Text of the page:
Controlled binding of organic guests by stimuli-responsive macrocycles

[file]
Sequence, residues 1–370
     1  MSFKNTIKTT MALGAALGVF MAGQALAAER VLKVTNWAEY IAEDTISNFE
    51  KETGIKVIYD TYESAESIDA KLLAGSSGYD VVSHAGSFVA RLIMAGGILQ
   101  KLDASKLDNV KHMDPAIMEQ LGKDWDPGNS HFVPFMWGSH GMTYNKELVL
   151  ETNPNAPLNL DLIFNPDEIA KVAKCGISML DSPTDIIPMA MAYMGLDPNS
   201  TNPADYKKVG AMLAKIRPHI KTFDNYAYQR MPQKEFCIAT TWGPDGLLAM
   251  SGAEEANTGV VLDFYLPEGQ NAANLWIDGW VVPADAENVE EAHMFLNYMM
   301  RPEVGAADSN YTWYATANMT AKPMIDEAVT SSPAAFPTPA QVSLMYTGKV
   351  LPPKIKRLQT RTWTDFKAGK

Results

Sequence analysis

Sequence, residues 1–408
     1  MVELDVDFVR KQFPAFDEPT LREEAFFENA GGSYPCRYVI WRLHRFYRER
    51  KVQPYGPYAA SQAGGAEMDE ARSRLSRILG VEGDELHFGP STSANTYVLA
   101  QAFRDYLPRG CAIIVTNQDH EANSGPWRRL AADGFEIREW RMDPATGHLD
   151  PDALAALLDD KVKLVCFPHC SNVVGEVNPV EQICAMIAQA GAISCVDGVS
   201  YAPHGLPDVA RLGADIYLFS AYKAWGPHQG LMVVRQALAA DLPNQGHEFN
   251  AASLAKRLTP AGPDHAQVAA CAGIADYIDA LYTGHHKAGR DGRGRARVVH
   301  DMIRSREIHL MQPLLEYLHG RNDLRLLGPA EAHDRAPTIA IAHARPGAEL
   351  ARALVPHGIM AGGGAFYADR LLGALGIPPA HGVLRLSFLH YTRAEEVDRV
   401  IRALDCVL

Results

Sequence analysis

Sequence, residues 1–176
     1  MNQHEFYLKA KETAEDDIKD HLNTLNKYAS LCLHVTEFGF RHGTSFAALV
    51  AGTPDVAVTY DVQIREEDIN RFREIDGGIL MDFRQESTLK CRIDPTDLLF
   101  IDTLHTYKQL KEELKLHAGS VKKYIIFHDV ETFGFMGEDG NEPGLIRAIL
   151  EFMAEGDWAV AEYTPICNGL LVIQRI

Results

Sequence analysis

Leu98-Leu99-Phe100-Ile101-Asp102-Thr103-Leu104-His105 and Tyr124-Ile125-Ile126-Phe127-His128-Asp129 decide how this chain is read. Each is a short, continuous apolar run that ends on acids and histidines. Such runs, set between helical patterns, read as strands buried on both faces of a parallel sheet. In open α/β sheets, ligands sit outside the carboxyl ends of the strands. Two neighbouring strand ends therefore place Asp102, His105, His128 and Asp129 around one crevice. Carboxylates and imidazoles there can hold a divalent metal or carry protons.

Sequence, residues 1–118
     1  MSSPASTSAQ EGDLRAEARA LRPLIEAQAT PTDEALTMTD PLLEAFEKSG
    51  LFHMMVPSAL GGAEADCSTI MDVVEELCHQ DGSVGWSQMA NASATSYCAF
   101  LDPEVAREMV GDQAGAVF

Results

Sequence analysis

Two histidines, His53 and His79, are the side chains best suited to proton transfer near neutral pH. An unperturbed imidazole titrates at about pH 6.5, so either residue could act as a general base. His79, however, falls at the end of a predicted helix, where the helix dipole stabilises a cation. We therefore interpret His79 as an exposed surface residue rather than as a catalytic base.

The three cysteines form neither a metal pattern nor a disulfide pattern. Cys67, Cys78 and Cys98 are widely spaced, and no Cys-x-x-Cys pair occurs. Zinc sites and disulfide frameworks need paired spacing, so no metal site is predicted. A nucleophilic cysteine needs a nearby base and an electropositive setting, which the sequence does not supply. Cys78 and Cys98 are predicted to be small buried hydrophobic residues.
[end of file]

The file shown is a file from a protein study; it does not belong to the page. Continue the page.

Synthetic supramolecular chemistry pursues not only the construction of new matter, but also control over its inherently dynamic behaviour. In this context, classic host–guest chemistry, based on the development of a myriad of macrocyclic receptors with fine-tuned affinities and selectivities, has enormously contributed to the discovery of new chemical function under self-assembly conditions. In turn, the use of molecular switches as control units within host–guest assemblies opened the door for the regulation of their dynamic interactional behaviour, which can be translated into controlled aggregation. In this review, we will focus on different strategies developed for the regulated binding of organic molecules by switchable macrocyclic hosts. As we will see, an appropriate design using stimuli-responsive versions of well-known organic receptors allows the molecular switches implemented within their structures to transform their regulated behaviour from the molecular to the supramolecular level.